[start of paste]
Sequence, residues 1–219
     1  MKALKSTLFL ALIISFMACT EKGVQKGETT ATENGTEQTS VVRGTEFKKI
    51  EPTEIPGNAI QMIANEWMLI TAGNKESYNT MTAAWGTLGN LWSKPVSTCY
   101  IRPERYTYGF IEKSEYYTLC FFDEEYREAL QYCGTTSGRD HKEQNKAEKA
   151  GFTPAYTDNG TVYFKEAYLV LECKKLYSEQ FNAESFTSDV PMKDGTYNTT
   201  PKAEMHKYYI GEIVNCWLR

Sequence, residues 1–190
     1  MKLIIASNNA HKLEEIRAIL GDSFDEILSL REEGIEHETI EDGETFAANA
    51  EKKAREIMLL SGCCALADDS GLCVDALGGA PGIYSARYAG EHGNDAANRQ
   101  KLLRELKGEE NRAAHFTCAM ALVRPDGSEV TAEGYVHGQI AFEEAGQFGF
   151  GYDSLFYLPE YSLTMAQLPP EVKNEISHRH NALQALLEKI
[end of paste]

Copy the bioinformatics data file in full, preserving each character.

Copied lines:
Sequence, residues 1–219
     1  MKALKSTLFL ALIISFMACT EKGVQKGETT ATENGTEQTS VVRGTEFKKI
    51  EPTEIPGNAI QMIANEWMLI TAGNKESYNT MTAAWGTLGN LWSKPVSTCY
   101  IRPERYTYGF IEKSEYYTLC FFDEEYREAL QYCGTTSGRD HKEQNKAEKA
   151  GFTPAYTDNG TVYFKEAYLV LECKKLYSEQ FNAESFTSDV PMKDGTYNTT
   201  PKAEMHKYYI GEIVNCWLR

Sequence, residues 1–190
     1  MKLIIASNNA HKLEEIRAIL GDSFDEILSL REEGIEHETI EDGETFAANA
    51  EKKAREIMLL SGCCALADDS GLCVDALGGA PGIYSARYAG EHGNDAANRQ
   101  KLLRELKGEE NRAAHFTCAM ALVRPDGSEV TAEGYVHGQI AFEEAGQFGF
   151  GYDSLFYLPE YSLTMAQLPP EVKNEISHRH NALQALLEKI